International Week of the Deaf: Equality for Deaf People
This week is International Week of the Deaf and the theme for 2013 is Equality for Deaf People. But what is International Week of the Deaf?
The World Federation of the Deaf describes International Week of the Deaf as an annual week-long event celebrated by deaf people worldwide during the last full week of September. The World Federation of the Deaf has 133 national associations that organize events, marches, debates, campaigns, fundraisers, and meetings every year to bring attention to the Deaf community and topics regarding human rights and the Deaf. “International Week of the Deaf is about gathering together, becoming united and showing that unity to the rest of the world. The International Week of Deaf also increases solidarity among deaf people and allies and is used as a way to stimulate greater efforts to promote the rights of deaf people.”
Approximately 600,000 people in the United States are Deaf or Hard of Hearing. It is currently estimated that between 250,000 and 500,000 people use ASL (American Sign Language). This population includes native signers, CODA’s (Children of Deaf Adults), Hard of Hearing individuals, and many others. This diversity in language and backgrounds in the Deaf and Hard of Hearing communities is something we all should celebrate.
American Sign Language (ASL) is a complete, complex language that employs signs made by moving the hands combined with facial expressions and postures of the body. It is the primary language of many North Americans who are Deaf or Hard of Hearing.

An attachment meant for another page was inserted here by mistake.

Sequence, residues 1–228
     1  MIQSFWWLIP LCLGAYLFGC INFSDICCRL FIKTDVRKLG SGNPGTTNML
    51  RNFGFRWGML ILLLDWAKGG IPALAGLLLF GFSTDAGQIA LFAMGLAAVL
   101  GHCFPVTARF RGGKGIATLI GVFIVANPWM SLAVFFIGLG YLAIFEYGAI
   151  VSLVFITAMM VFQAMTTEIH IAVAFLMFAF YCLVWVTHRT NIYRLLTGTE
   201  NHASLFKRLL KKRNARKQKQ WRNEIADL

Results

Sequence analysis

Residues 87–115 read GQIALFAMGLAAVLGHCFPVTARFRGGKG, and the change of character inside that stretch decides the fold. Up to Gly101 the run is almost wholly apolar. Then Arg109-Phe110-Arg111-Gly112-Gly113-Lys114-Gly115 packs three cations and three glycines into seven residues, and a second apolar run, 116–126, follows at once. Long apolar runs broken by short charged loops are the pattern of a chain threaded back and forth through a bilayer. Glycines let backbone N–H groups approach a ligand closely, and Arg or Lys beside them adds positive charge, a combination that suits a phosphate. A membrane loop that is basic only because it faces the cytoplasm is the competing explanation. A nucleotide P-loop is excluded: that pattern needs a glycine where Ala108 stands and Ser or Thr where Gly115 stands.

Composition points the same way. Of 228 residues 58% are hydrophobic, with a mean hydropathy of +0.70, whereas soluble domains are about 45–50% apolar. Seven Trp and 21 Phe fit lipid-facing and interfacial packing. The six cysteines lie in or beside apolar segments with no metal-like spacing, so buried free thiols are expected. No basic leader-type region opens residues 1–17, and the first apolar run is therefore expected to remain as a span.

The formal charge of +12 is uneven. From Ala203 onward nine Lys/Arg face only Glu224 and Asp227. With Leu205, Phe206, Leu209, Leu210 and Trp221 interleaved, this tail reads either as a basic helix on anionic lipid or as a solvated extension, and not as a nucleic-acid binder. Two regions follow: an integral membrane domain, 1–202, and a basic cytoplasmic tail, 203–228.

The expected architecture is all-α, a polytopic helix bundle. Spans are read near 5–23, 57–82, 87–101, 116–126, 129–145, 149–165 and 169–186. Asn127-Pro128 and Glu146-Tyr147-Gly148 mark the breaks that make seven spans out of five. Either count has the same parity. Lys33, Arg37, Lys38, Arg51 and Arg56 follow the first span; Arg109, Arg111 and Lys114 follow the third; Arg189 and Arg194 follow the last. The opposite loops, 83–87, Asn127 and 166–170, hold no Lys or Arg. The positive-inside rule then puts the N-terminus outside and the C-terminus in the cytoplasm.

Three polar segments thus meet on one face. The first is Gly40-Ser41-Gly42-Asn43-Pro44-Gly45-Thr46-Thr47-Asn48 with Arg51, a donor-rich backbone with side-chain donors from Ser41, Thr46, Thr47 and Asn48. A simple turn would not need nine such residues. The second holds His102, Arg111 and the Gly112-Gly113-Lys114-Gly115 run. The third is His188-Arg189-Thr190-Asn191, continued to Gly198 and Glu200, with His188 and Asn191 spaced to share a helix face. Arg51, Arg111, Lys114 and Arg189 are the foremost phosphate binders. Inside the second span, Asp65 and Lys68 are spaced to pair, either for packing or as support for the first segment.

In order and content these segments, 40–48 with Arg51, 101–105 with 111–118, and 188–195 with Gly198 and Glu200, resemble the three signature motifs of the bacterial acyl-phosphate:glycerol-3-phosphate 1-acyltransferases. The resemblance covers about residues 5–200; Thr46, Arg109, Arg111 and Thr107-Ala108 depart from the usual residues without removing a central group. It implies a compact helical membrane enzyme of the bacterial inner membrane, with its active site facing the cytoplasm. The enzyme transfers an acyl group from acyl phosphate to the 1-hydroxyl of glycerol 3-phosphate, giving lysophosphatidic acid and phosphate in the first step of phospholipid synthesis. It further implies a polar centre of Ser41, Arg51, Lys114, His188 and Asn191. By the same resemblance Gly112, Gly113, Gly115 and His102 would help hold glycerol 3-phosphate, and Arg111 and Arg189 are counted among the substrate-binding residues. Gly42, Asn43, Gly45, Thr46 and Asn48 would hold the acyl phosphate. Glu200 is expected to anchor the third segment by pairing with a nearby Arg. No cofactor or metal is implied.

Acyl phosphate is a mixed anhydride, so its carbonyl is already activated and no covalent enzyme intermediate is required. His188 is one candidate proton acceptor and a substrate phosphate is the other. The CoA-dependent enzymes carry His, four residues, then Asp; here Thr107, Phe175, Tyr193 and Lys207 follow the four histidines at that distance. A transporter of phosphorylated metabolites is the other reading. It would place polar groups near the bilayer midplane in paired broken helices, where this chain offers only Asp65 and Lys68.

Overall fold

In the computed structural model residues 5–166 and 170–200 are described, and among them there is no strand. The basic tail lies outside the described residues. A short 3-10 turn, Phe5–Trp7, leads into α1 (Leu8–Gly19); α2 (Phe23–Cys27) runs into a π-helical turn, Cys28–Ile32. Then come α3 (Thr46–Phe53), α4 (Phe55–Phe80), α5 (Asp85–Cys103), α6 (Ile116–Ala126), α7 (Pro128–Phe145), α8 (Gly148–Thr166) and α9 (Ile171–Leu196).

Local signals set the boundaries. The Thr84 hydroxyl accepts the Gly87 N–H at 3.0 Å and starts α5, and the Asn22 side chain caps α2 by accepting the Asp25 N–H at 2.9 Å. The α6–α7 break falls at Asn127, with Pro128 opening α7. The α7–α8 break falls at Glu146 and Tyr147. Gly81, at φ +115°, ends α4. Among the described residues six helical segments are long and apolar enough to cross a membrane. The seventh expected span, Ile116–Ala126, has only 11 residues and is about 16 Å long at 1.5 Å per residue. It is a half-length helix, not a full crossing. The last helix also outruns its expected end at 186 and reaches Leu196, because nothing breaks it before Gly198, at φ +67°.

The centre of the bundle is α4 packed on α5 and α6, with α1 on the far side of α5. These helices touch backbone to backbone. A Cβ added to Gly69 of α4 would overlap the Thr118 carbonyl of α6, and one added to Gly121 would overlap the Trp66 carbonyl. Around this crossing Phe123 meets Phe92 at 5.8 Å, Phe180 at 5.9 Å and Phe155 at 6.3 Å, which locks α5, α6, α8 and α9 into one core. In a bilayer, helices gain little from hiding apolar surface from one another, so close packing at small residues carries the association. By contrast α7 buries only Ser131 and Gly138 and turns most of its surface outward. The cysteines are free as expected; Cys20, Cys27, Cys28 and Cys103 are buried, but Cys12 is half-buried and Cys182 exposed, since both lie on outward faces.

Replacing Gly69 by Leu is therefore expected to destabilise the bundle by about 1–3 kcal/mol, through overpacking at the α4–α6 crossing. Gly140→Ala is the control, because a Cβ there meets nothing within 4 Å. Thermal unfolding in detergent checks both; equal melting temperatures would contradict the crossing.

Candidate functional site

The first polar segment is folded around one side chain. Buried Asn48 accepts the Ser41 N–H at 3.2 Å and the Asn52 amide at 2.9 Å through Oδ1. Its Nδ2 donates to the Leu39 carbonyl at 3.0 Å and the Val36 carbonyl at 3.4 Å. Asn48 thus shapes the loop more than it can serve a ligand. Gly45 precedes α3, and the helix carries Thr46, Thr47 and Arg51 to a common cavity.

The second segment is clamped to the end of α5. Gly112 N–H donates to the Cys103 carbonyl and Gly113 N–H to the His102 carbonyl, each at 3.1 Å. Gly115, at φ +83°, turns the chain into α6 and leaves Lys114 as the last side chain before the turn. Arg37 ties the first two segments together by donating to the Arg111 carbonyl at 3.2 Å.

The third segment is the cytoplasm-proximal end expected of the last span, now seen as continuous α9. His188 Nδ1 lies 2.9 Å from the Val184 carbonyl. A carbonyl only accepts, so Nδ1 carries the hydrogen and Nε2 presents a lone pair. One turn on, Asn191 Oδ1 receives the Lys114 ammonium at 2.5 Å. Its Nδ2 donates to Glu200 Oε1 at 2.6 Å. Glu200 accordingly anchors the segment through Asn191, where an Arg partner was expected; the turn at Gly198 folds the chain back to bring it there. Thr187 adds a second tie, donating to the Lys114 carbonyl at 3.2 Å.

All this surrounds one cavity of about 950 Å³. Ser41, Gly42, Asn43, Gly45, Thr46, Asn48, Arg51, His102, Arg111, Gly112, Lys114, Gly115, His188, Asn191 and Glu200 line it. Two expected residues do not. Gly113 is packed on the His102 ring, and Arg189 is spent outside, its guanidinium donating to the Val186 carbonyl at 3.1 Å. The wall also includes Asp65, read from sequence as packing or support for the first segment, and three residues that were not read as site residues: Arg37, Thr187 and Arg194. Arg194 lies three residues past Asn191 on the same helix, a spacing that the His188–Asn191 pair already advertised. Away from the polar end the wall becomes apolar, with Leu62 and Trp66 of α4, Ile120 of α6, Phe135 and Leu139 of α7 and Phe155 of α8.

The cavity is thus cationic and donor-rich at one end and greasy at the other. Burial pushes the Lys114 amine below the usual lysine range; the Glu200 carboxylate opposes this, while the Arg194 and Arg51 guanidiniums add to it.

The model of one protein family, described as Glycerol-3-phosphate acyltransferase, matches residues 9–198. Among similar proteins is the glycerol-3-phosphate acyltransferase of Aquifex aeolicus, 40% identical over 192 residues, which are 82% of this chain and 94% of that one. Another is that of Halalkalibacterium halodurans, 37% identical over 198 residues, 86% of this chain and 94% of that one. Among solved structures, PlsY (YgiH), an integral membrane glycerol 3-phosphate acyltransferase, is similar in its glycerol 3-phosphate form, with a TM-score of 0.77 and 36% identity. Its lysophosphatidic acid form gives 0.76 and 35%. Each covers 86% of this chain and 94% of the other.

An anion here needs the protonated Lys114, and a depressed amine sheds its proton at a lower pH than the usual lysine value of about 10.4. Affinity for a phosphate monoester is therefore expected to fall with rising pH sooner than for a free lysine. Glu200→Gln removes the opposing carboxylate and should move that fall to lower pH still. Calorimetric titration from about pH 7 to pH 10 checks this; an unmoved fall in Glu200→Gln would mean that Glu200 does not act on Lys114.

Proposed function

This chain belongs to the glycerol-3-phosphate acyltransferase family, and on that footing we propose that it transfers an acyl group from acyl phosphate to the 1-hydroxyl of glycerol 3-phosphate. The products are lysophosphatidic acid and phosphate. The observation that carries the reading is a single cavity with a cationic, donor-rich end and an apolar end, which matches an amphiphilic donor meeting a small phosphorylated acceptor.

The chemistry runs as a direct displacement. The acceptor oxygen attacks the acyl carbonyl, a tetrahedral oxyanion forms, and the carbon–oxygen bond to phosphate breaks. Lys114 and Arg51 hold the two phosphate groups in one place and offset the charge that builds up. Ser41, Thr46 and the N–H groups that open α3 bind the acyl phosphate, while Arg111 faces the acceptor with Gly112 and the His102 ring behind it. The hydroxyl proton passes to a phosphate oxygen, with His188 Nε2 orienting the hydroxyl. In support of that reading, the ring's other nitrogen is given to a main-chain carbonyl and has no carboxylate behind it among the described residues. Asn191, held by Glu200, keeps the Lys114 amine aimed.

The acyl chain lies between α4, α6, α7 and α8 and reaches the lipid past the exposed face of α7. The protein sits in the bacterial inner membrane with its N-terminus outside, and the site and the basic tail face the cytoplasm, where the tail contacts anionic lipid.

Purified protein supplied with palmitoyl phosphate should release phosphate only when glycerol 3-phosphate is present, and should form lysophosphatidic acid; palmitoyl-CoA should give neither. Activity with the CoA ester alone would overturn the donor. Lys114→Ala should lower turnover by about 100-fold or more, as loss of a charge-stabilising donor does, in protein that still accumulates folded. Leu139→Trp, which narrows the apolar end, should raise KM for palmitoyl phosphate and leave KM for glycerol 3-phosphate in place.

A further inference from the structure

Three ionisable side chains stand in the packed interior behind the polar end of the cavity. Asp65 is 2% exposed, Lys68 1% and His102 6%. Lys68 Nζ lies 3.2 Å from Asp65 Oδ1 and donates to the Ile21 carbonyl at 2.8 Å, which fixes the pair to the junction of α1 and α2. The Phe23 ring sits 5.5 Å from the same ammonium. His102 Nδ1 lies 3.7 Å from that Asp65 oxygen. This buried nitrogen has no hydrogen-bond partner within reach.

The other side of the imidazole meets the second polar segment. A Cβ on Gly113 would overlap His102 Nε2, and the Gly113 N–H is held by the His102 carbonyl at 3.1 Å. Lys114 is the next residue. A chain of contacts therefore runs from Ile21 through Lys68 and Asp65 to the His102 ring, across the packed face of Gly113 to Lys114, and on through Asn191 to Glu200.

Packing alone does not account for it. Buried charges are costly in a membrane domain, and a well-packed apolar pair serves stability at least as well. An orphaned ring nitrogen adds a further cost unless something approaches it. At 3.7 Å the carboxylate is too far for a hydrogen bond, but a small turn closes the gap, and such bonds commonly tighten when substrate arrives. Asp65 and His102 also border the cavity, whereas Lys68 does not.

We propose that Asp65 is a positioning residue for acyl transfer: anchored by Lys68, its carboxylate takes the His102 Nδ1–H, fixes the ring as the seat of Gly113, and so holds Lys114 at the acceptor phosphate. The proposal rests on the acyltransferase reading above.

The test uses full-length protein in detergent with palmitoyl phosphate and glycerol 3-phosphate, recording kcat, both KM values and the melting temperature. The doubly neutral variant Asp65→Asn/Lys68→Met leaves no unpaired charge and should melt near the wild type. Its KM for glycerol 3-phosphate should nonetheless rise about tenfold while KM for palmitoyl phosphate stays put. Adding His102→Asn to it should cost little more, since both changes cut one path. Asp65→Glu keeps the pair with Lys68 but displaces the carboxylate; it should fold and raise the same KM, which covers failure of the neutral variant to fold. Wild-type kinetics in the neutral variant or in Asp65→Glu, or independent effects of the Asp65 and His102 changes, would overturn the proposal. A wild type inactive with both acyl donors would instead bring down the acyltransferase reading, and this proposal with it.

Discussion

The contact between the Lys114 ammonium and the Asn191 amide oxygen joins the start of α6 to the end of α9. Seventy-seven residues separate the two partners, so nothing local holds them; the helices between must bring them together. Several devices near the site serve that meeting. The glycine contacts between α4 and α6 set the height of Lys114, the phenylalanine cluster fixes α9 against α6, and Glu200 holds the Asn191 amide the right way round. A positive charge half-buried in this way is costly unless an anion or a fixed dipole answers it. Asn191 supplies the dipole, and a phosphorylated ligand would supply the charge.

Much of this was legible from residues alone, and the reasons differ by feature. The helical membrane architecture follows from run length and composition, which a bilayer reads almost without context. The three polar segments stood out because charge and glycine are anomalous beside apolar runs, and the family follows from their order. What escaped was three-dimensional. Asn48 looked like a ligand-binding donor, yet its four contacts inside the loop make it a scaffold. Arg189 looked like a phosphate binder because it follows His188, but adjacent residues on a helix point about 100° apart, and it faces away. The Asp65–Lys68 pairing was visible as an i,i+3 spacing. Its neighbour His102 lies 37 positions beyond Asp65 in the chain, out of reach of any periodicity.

Dr. Thomas Hopkins Gallaudet and Laurent Clerc, two important educators of Deaf individuals, established the Gallaudet and Clerc’s school in 1817 in Harford Connecticut, as the first public free deaf school in the US, now known as the American School for the Deaf. This was a huge milestone in American Deaf history. Although French Sign Language was the official sign language of the school, the students brought signs from home with them. American Sign Language stemmed from these signs as well as signs from French Sign Language. The American Sign Language of today still reflects its French Sign Language origins, although the two languages are distinct.
At CyraCom, we offer American Sign Language as one of our Video Remote Interpretation languages. Instead of booking an interpreter in advance or waiting hours for one to become available, we offer American Sign Language interpreters on-demand in 30 seconds or less. We want to help you with achieving your own goals of contributing to the theme of equality for Deaf people by offering American Sign Language interpretation services to your Deaf patients, so that they can have the same communication opportunities as your non-deaf patients.